To deal with some rainy Sunday depression I decided to investigate how Donut operates in memory and to see what traces it leaves (if any). I’ve been using Donut for quite some time, and I find it extremely useful from an operator’s perspective as it gives a lot of flexibility.

For those who don’t know what Donut is, we could define it as a software that allows the conversion from PE/.NET assemblies/scripts into position independent code (PIC, or shellcode). When I first read the initial release paper, it sounded like black magic to me; but after some time and experience I started realising how it works (at an high level, 90% still magic) it made more sense.

What also surprised me was the lack of technical defensive content on it. I can partially understand why; donut is meant to generate shellcode and most of the times the acts of injecting and executing the shellcode are the most “flagged” actions, not the shellcode itself. An example of such is the classic CreateRemoteThread function used to execute a shellcode we previously injected into another process’ memory; EDRs and AVs are able to detect that quite well (if we do not consider API unhooking). The reason behind this - apparently - is because it’s easier to put hooks and introspect API calls rather than scanning the memory of a process and look for anomalies.

However, it can happen that the injected shellcode leaves some traces in memory.


In-Memory PE

Under the hood, what donut does is “unpacking” the PE that was provided as input and executes it in-memory. The packed PE and the unpacking stub are shipped as a shellcode.

In order to better visualise this, we are going to execute donut ourself:

donut.exe mimikatz.exe

  [ Donut shellcode generator v0.9.3
  [ Copyright (c) 2019 TheWover, Odzhan

  [ Instance type : Embedded
  [ Module file   : ".\mimikatz.exe"
  [ Entropy       : Random names + Encryption
  [ File type     : EXE
  [ Target CPU    : x86+amd64
  [ AMSI/WDLP     : continue
  [ Shellcode     : "loader.bin"

I injected the loader.bin shellcode using UrbanBishop and after that the memory of the injected process was the following:

Note the RWX memory within the notepad’s memory. Isn’t it strange? Digging a bit deeper (which for me usually means just checking for strings) what I found was that it was indeed the Mimikatz PE:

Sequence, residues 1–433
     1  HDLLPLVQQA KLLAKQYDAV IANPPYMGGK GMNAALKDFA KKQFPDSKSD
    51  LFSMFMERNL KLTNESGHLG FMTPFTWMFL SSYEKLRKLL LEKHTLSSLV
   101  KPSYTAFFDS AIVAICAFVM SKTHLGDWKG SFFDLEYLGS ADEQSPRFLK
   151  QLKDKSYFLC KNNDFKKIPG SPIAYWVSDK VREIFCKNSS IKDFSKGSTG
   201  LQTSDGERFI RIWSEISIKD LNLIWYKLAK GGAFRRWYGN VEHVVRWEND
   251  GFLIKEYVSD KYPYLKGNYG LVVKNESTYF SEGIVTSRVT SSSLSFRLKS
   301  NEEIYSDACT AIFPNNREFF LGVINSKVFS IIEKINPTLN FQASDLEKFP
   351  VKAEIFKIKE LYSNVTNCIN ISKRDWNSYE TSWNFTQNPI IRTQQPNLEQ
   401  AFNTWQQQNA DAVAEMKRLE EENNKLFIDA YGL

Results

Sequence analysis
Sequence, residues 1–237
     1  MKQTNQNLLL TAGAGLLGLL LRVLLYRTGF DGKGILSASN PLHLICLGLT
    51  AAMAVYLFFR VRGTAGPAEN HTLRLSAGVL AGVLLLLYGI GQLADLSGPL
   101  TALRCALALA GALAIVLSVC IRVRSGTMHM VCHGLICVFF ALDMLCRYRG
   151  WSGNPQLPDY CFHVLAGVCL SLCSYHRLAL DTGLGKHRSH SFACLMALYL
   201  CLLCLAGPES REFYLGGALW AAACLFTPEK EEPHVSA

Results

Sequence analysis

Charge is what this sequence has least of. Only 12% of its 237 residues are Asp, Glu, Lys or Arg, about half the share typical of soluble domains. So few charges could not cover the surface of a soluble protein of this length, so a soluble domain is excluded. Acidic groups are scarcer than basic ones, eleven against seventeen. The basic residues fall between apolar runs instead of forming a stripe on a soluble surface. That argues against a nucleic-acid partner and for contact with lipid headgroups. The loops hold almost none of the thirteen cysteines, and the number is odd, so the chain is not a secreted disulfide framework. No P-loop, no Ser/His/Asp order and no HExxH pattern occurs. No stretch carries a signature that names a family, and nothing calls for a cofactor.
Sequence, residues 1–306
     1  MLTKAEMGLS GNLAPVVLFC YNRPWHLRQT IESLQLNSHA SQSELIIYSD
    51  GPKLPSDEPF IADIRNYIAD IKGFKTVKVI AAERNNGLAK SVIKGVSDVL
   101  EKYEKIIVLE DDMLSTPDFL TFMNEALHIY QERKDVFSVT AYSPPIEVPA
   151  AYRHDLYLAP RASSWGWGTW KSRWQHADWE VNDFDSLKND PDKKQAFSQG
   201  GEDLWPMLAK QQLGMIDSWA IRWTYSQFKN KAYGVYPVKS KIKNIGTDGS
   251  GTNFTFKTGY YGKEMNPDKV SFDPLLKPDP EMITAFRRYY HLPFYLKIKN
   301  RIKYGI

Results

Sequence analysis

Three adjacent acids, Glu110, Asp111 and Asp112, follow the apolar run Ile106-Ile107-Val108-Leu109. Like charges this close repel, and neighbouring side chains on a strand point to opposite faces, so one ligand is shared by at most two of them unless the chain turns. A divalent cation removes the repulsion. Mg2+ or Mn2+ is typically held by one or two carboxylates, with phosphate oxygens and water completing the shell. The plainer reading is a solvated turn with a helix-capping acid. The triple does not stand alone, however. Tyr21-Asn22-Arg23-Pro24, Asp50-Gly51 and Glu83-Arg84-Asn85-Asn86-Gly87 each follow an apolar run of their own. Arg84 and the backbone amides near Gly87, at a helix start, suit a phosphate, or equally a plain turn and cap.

Using the Moneta scanner we can see some IoCs for injected memory:

In fact, private memory marked as read/write/exec is suspicious. I validated this reading the source code of the inmem_pe.c file:

As it is possible to see, the memory allocated with VirtualAlloc is marked as PAGE_EXECUTE_READWRITE. This itself can be an IoC for detecting injected code (note that this issue is not donut specific!)

This is good from a memory forensic/hunting perspective but it must be noted that memory type cannot probably used alone for automatic detection. Usually, what might be flagged by an EDR’s memory scanner should include a weird allocation type and something else like the PE headers floating in-memory (bytes MZ).

To avoid that, donut wipes the PE headers after the loading is complete. We can observe similar features in Cobalt Strike post exploitation modules that use the obfuscate malleable PE option.

### AMSI Bypass

Another feature offered by Donut is the ability to bypass AMSI. As we know, .NET 4.8 introduced the ability to scan assemblies that are loaded via Assembly.Load from the reflection APIs and therefore if we are dealing with the injection of a .NET assembly it might be a sensible thing to do.

Donut bypasses AMSI from an unmanaged perspective, patching the AmsiScanBuffer function. This is the default option within Donut.

What I observed is that AMSI gets patched even if we are not trying to inject a .NET assembly. What does it mean from a detection perspective?

If we look at the bypass.c code, we can see the LoadLibraryA function that will load amsi.dll:

After amsi.dll is loaded, the Donut shellcode will patch its code. The detection from the Moneta scanner shows that:

From WinDbg we can confirm that amsi was indeed patched. Look at the xor eax,eax and ret instructions:

The value of eax = 0 indicates the result of the AmsiScanBuffer equals to AMSI_RESULT_CLEAN.

So what is strange with this? If we inject a shellcode generated using Donut with the default bypass options into a process that usually does not have amsi.dll loaded, Donut will load and bypass it.

An example of an anomalous AMSI load event is shown below:

The event is generated from Sysmon with a modified configuration that logs AMSI load events. The base configuration is the classic SwiftOnSecurity’s:

		<!--COMMENT:	Can cause high system load, disabled by default.-->
		<!--COMMENT:	[ ] [ ] [ ] -->

		<!--DATA: UtcTime, ProcessGuid, ProcessId, Image, ImageLoaded, Hashes, Signed, Signature, SignatureStatus-->
	<RuleGroup name="" groupRelation="or">
		<ImageLoad onmatch="include">
			<ImageLoaded condition="contains">amsi</ImageLoaded>
			<!--NOTE: Using "include" with no rules means nothing in this section will be logged-->

This is an interesting detection for Donut’s default options, but for an operator it would be trivial to modify this behaviour and avoid bypassing AMSI.